You certainly don't want to go directly from green to red without passing through yellow; that would really cause a pile-up! Would you ever want to go from red to yellow? I have seen a red-yellow-green progression in a downtown area (I think in Colorado), apparently to move traffic through an intersection as fast as possible. And, of course, there is always the Christmas tree at the drag races! You can decide whether to add a yellow-green transition or remove the red-yellow one; I'll just leave it as is.
Defining and Implementing the Actions
What actions do we need? We need to turn on and turn off each of the three colored lights. As the project is defined at the moment, we could define three compound actions: a Turn on Green that also turned the others off, and its equivalents for the other colors. But if we define six simple actions instead (turn off and turn on for each of the three colors), we will have the flexibility to implement the red and yellow pedestrian light used in Boston and the two-color traffic light that I saw a long while ago in Upstate New York, where the role of the yellow light was filled by turning on red and green simultaneously. More important for the tutorial, we'll get to specify both Entry and Exit Actions for our states.
This project builds on the first project, so go back and do that, if you haven't already. Then...
Open Demo_ABC.vi, so we'll have access to all the LabVIEW and LabHSM capabilities;
Save it as Demo_TrafficLight.vi, to start the new project and disconnect from the old;
Open the block diagram and scroll so that the case label of the Actions Case Structure is visible (Figure 3).
Open the LabHSM Editor... from the Tools menu.
Click the OPEN button,
SAVE AS Demo_TrafficLight.hsm, to connect it with the VI in memory.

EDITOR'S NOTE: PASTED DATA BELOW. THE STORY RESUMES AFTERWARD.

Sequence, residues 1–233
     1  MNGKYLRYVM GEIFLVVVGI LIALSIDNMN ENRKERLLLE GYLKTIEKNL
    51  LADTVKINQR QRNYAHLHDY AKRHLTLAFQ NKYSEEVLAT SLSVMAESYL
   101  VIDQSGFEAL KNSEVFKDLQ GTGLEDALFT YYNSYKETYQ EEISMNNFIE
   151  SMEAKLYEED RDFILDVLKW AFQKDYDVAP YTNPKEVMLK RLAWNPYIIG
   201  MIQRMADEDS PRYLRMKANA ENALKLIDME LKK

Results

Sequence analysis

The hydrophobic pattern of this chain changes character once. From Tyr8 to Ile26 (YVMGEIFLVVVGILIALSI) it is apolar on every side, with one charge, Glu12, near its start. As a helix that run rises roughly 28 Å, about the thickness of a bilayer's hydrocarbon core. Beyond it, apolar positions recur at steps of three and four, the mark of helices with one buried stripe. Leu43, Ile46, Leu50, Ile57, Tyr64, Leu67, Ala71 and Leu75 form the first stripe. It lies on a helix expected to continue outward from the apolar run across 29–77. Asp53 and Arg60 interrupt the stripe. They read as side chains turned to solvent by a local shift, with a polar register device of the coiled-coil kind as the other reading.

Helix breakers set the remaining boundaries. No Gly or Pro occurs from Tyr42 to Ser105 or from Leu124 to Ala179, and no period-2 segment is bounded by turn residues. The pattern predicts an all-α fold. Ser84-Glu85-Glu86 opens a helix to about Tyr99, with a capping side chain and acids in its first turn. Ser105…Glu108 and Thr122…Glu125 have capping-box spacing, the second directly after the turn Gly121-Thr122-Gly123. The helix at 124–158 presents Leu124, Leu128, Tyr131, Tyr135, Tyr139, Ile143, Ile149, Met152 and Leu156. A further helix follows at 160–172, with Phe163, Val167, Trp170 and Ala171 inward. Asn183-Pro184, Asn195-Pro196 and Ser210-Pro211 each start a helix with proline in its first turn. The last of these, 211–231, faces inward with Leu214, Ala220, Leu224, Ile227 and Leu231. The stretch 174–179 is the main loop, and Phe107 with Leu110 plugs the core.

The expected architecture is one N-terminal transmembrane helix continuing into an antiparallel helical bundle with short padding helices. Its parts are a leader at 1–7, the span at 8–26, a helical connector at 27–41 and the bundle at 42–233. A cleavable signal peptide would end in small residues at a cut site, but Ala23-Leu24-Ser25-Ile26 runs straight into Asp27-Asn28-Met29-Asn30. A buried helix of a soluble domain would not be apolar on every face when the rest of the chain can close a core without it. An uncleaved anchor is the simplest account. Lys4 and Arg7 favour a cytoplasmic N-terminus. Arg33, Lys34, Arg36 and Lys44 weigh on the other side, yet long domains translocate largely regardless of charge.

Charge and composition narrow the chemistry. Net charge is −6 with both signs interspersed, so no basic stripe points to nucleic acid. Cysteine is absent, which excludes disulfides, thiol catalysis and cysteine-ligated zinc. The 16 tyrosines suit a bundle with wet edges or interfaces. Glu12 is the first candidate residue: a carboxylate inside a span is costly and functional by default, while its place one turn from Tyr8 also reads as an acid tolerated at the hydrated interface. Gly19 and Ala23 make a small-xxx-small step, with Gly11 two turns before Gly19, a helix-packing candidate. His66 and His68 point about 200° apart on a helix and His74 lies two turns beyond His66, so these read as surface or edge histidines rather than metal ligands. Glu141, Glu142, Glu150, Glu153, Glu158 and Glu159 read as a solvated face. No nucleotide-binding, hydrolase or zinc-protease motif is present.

Click the Actions List button to open the Actions List Editor.
Push the LabHSM Editor mostly off screen and position the Actions List Editor as in Figure 3.
Click Add New After.
Type Turn on Green in the dialog box (Figure 3).
Click the OK button or hit the return key to close the dialog.
"Whamo!" The screen flashes and you have a new action case as well as a new action in the list (Figure 4).
This new case looks empty but, if you scroll down, you'll find that it is not. The FSM Frequently Used Data cluster is wired across the bottom of the case. This wiring was needed to keep the VI from breaking when we added the new case. When you ask for a New action, you get a copy of the Do Nothing action. In fact, although the action itself has been added where we asked, you'll find the case listed immediately after the Do Nothing case. To avoid confusion, I'd suggest reordering the cases using the pop-up Rearrange...>>Sort. We'll do that later, so you can skip it for now if you'd like.
Now add the code to actually turn the green light on. First, we need a green light. If necessary, scroll back to the top of the case near the Turn on Green label.
Place a Classic Round Light on the front panel and label it Green.
The terminal should appear near the top of the Turn on Green case in the diagram.
Pop-up on the terminal and create a constant.
Click the constant to TRUE, since this is a "turn on" action (Figure 5).